Scientists clear the way to alternative anti-angiogenic cancer therapy

Jan 07, 2011

Belgian scientists attached to VIB and K.U.Leuven have succeeded in decoding a potential new anti-cancer mechanism. The researchers discovered that normalizing abnormal tumor blood vessels through HRG (histidine-rich glycoprotein) prevents metastasis of tumor cells and enhances chemotherapy efficiency. In tumors, vessels formation is disturbed, leading to inefficient delivery of chemotherapeutic drugs and allowing cancer cells to escape to other parts of the body (metastasis). The normalization of tumor blood vessel formation through HRG works by repressing the production of the Placental Growth Factor PlGF. Anti-PlGF therapy is now being tested as a new agent against cancer by ThromboGenics in collaboration with Roche. The recently discovered mechanism offers alternative possibilities for cancer treatment.

Every growing tissue is supplied with oxygen and nutrients through our blood vessels. However, tumors grow much faster than normal tissue and have a higher need for nutrients. Consequently, start generating growth factors to stimulate the growth of new blood vessels. However, the resulting blood vessels are of abnormal shape, causing poor blood flow and little oxygen supply to the . The oxygen shortage encourages and eventually leads to a . Furthermore, the abnormal shape of the blood vessels hampers the supply and efficiency of anti-cancer drugs.

Conventional anti-angiogenic in which a growth factor is eliminated may aggravate tumor metastasis, becase. Because of this, there has in recent years been a greater focus on anti-angiogenic therapies which normalize the blood vessels supplying the tumor. This would reduce the oxygen shortage, with the result that the cancer cells will tend to travel less to other parts of the body and anti-cancer drugs can be delivered more efficiently.

Charlotte Rolny, Max Mazzone and their colleagues from the VIB Vesalius Research Center, K.U.Leuven, have under the direction of Peter Carmeliet and in collaboration with VIB researchers from the Vrije Universiteit Brussel and colleagues from Sweden studied the mechanism behind the known anti-cancer activity of the protein HRG. The results of their experiments show that HRG, a protein distributed in the tumor stroma, displays anti-cancer activity by combating tumor progression and spread and stimulating normalization of tumor blood vessels. The underlying basis of this action is the capacity of HRG to suppress the angiogenic factor PlGF.

Revealing the mechanism behind the anti-cancer activity of HRG opens up new horizons for . The larger a tumor becomes, the higher its oxygen requirement. However, the tumor vessels that are formed are abnormal in shape, leading to poor blood and oxygen flow. This oxygen shortage stimulates cancer cell metastasis. Stimulating HRG in the tumor stroma counters tumor progression and spread while at the same time being conducive to normalization of which enhances the efficacy of chemotherapy. Moreover, these data also support eliminating PlGF for the treatment of cancer.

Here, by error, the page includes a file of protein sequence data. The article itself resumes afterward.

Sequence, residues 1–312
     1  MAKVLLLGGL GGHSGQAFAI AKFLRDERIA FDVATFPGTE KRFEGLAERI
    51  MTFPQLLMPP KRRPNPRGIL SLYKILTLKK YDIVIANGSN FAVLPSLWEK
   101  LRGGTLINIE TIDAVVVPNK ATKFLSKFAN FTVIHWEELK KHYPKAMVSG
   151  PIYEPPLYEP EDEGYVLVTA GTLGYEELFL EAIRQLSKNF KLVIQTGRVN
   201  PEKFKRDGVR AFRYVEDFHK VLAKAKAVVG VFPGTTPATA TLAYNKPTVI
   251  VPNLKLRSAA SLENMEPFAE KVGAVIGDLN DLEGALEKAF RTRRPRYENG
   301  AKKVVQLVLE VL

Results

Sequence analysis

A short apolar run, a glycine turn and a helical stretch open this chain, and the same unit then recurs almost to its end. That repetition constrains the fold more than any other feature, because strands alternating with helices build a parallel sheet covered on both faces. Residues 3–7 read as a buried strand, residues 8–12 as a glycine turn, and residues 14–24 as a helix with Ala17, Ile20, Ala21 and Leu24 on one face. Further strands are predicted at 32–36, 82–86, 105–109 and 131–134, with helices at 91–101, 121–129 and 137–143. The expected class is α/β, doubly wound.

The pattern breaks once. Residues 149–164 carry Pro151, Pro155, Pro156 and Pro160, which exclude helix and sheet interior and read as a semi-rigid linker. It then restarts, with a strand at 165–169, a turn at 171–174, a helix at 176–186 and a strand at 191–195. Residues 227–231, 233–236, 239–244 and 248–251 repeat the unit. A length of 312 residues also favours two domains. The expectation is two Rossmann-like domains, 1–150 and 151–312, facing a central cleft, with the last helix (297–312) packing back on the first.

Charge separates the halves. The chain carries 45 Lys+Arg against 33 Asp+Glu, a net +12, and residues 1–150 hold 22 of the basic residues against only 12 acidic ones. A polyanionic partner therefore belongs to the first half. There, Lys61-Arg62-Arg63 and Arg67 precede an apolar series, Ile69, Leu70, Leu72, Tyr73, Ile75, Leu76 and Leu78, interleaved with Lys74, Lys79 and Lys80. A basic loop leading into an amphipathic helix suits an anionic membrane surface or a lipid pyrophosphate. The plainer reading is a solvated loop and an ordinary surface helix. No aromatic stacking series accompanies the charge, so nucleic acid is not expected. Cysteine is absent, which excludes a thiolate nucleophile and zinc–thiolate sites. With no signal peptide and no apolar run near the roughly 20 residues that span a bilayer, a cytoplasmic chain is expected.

Explore further: Overweight linked to 500,000 cancer cases per year

add to favorites email to friend print save as pdf

Related Stories

'Normalizing' tumor vessels leaves cancer more benign

Feb 12, 2009

A report publishing online on February 12th in the journal Cell, a Cell Press publication, suggests a counterintuitive new method to make cancer less likely to spread: by normalizing the shape of tumors' blood vessels to ...

New way to combat cancer

Nov 14, 2006

In many forms of cancer the tumor encounters a lack of oxygen, a condition that the tumor tries to prevent in various ways. A research group with its base at Lund University in Sweden is now presenting findings that may make ...

Precancerous stem cells can form tumor blood vessels

Feb 20, 2008

Tumors require a blood supply to grow, but how they acquire their network of blood vessels is poorly understood. A new study here shows that tumor blood vessels can develop from precancerous stem cells, a recently discovered ...

Recommended for you

How a common antacid could lead to cheaper anti-cancer drugs

31 minutes ago

A popular indigestion medication can increase survival in colorectal cancer, according to research published in ecancermedicalscience. But in fact, scientists have studied this for years - and a group of cancer advocates want t ...

Vaccines may make war on cancer personal

42 minutes ago

In the near future, physicians may treat some cancer patients with personalized vaccines that spur their immune systems to attack malignant tumors. New research led by scientists at Washington University ...

Funding to investigate an alternative to chemotherapy

1 hour ago

Professor Simon Rule, Professor in Haematology at Plymouth University Peninsula Schools of Medicine and Dentistry and Consultant Haematologist at Plymouth Hospitals NHS Trust, has been awarded a significant grant by Cancer ...

Enzyme may be key to cancer progression in many tumors

1 hour ago

Mutations in the KRAS gene have long been known to cause cancer, and about one third of solid tumors have KRAS mutations or mutations in the KRAS pathway. KRAS promotes cancer formation not only by driving ...

User comments : 1

Adjust slider to filter visible comments by rank

Display comments: newest first

davidemerson
not rated yet Jan 11, 2011
Curcumin is a natural anti-oxidant, natural angio-genesis supplement- it has both anti cancer properties- it chemo sensitizes tumors as well as reduces toxic side effects-
Go to peoplebeatingcancer.org and search "curcumin"

David Emerson
peoplebeatingcancer.org

Please sign in to add a comment. Registration is free, and takes less than a minute. Read more

Click here to reset your password.
Sign in to get notified via email when new comments are made.